Adding further burden to resource requirements is that an increasing amount of traffic is encrypted. This means that firewalls need to decrypt the traffic in order to inspect the traffic for threats. This decryption requires significant additional resources. Many firewalls are now adding SD-WAN capabilities so the list of functions being added keeps growing.

Simply put, the more functions a firewall performs, the more resources this requires. With firewalls being challenged already to provide their own services, this leaves few resources to divert to process third-party threat intelligence feeds.

A Quick Look at the ThreatBlockr Platform

Over the last several years, ThreatBlockr has been at the forefront of driving a new category of cyber security technology that makes threat intelligence actionable.

ThreatBlockr uses simple, innovative technology and best-in-class threat intelligence to secure your networks, data and users in real time – wherever they are. Whether it’s from data we provide out of the box, data from one of our Partner Integrations – or any other data source you have – we block attacks from up to 150 million malicious IPs and domains in real-time, with no latency.

How It Works

ThreatBlockr blocks known bad traffic at scale using a combination of simple, innovative technology and best-inclass threat intelligence. We provide 30 million “out of the box” threat indicators from the world’s best sources, including leading commercial providers like DomainTools, Proofpoint, Webroot, open source data providers and leading government sources. We also have over 50 point-and-click integrations with ISACs, ISAOs, Threat Intelligence Platforms (TIPs), SIEMs, SOARs, and other systems. If you have a data source that isn’t on our integration list – you can easily integrate IP and domain indicators in real-time from any source.

Policy enforcement and blocking is handled by our ThreatBlockr appliances, which can block up to 150 million threat indicators in real-time with no latency. ThreatBlockr inspects inbound and outbound traffic and makes simple, policy-based allow or deny decisions based on threat intelligence (IP reputation, block lists, allow lists), GEO-IP, and/or Autonomous System Number (ASN). ThreatBlockr can be flexibly deployed on physical, virtual or cloud appliances, as a cloud-based service or any combination of these. Regardless of deployment, we can protect your users and networks everywhere and our Cloud-based Management Portal gives you a central point of visibility and control.

As data flows through our ThreatBlockr appliances, our platform generates a significant amount of data that helps you analyze your security posture, identify and remediate threats in real time, and easily solve for false positives. Non-PII metadata is sent to our Global Management Center to allow quick analysis of your security posture and detailed data is sent to any SIEM, Syslog server or security analytics tool of your choice for further detailed analysis.

ThreatBlockr Complements Next- Generation Firewalls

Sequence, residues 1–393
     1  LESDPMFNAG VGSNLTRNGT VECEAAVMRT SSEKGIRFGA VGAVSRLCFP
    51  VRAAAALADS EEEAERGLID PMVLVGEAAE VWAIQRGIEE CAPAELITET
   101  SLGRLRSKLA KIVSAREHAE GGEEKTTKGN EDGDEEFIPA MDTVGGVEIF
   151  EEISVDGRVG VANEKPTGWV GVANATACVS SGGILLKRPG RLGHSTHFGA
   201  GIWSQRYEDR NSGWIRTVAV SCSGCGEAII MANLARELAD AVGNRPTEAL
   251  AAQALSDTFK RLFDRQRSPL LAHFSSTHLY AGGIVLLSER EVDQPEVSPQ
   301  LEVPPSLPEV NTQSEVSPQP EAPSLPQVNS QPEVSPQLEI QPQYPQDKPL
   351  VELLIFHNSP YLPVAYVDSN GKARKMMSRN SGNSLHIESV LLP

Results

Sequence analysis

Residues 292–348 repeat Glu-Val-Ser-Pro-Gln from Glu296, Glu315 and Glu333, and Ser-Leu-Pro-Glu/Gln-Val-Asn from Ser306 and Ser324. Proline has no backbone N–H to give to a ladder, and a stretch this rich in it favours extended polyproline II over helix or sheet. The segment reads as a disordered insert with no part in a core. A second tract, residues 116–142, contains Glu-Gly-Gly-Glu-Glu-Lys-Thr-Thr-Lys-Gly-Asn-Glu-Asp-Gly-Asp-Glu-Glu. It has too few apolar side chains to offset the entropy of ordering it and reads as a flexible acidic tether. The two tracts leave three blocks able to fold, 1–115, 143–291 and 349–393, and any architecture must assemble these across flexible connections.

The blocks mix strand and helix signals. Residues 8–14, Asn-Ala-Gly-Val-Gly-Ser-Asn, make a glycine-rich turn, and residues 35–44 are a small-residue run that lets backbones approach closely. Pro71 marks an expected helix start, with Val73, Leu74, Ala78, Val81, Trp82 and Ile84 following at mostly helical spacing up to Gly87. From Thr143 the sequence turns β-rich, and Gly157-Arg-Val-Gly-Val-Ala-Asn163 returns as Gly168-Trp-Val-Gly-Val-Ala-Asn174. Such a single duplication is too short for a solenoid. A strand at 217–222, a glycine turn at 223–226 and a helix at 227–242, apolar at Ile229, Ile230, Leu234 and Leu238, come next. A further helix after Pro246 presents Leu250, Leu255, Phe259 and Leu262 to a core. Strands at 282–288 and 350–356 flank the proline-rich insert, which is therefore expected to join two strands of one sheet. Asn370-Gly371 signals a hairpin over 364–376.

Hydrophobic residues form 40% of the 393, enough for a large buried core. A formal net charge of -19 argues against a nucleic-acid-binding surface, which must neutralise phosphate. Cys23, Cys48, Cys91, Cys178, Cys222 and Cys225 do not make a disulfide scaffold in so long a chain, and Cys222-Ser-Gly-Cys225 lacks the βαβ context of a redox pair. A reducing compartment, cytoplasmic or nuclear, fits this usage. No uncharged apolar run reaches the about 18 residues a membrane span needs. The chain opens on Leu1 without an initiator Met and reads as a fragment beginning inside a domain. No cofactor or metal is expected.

A critical point is that the ThreatBlockr platform complements next-generation firewalls providing another layer of protection using large volumes of third-party threat intelligence. ThreatBlockr allows organizations to proactively use third-party threat intelligence to detect and block threats at a scale that can’t be done with next-generation firewalls.

Importantly, the ThreatBlockr platform not only provides another layer of network protection but it also improves the efficiency and effectiveness of firewalls. ThreatBlockr offloads known threat blocking from the firewall allowing the firewall to focus its more resource-intensive deep packet inspection (DPI) processor cycles on a reduced amount of cleaner traffic.

Compared to traditional firewalls, the ThreatBlockr Cyber Platform is:

  • Smart –  The ThreatBlockr platform is purpose-built to detect and block threats based on massive volumes of third-party threat intelligence vs. relying on proprietary threat intelligence. The platform provides “out of the box” threat indicators from the world’s best sources and makes it simple to integrate threat indicators in real-time from any source.
  • Scalable – The platform can block up to 150 million unique IP and domain threat indicators at line speed before they hit your network and security controls far exceeding the capabilities of next-generation he world’s best sources and makes it simple to integrate threat indicators in real-time from any source.
  • Simple – The platform is simple to deploy and manage with intuitive policy management and centralized management capabilities provided by our cloud-based Management Portal.

Conclusion

Next-generation firewalls remain an important foundational component of network security. However, a reliance on proprietary and closed threat intelligence and an inability to integrate threat intelligence at scale are resulting in firewalls having a tough time keeping up with today’s threats.

The ThreatBlockr platform helps organizations overcome these challenges allowing you to protect networks, users, and data in a Smart, Simple, and Scalable way — wherever they are.

Contact ThreatBlockr for a Free Risk Assessment